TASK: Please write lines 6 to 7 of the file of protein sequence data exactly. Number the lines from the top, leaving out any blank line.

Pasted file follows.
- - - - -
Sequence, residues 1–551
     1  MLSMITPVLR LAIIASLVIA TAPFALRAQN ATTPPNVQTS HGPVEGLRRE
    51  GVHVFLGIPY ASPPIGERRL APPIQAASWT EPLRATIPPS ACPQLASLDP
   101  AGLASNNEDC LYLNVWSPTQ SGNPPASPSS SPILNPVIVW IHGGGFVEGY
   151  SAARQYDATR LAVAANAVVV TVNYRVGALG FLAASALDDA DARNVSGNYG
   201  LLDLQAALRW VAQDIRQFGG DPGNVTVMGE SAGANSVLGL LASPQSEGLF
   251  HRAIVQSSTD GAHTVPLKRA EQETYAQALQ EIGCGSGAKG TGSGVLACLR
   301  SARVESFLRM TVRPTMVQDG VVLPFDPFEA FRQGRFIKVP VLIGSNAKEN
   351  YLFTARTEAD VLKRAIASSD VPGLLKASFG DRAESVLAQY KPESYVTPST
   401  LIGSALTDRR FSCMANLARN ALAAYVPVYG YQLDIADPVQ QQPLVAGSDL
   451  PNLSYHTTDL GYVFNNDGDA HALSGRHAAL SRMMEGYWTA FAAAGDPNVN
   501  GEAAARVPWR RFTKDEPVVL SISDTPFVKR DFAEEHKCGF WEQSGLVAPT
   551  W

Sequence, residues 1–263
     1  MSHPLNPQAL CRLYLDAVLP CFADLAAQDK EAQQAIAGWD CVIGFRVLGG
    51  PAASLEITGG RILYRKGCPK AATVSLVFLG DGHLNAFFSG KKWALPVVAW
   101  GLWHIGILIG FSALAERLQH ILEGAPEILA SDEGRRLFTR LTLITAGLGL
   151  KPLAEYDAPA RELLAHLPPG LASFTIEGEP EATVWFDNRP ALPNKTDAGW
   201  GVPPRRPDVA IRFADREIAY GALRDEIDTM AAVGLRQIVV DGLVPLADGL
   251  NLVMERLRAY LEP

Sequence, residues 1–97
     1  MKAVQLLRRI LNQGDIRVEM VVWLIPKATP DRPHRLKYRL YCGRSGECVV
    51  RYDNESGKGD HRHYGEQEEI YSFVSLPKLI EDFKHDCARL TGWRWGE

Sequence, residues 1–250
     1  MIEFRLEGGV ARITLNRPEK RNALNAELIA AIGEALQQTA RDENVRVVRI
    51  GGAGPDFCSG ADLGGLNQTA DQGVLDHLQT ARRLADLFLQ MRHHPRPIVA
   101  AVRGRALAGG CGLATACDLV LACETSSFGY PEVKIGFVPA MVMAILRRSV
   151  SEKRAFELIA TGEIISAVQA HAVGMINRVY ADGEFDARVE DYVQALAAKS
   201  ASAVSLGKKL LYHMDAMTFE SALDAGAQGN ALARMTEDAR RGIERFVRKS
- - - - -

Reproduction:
   201  LLDLQAALRW VAQDIRQFGG DPGNVTVMGE SAGANSVLGL LASPQSEGLF
   251  HRAIVQSSTD GAHTVPLKRA EQETYAQALQ EIGCGSGAKG TGSGVLACLR